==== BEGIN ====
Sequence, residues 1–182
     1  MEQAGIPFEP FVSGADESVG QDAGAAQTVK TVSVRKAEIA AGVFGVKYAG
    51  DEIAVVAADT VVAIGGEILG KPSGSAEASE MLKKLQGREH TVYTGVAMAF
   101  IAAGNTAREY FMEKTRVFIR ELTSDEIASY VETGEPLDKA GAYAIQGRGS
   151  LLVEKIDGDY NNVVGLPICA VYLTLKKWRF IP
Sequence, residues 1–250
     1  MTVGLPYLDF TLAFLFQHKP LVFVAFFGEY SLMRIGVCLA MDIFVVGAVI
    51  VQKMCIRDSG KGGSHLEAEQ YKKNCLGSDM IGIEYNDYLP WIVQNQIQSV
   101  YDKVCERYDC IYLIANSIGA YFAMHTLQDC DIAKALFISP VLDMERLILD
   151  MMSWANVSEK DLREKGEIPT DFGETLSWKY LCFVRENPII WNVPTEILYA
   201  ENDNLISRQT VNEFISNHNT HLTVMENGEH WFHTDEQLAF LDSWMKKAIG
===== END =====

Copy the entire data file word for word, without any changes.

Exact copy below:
Sequence, residues 1–182
     1  MEQAGIPFEP FVSGADESVG QDAGAAQTVK TVSVRKAEIA AGVFGVKYAG
    51  DEIAVVAADT VVAIGGEILG KPSGSAEASE MLKKLQGREH TVYTGVAMAF
   101  IAAGNTAREY FMEKTRVFIR ELTSDEIASY VETGEPLDKA GAYAIQGRGS
   151  LLVEKIDGDY NNVVGLPICA VYLTLKKWRF IP
Sequence, residues 1–250
     1  MTVGLPYLDF TLAFLFQHKP LVFVAFFGEY SLMRIGVCLA MDIFVVGAVI
    51  VQKMCIRDSG KGGSHLEAEQ YKKNCLGSDM IGIEYNDYLP WIVQNQIQSV
   101  YDKVCERYDC IYLIANSIGA YFAMHTLQDC DIAKALFISP VLDMERLILD
   151  MMSWANVSEK DLREKGEIPT DFGETLSWKY LCFVRENPII WNVPTEILYA
   201  ENDNLISRQT VNEFISNHNT HLTVMENGEH WFHTDEQLAF LDSWMKKAIG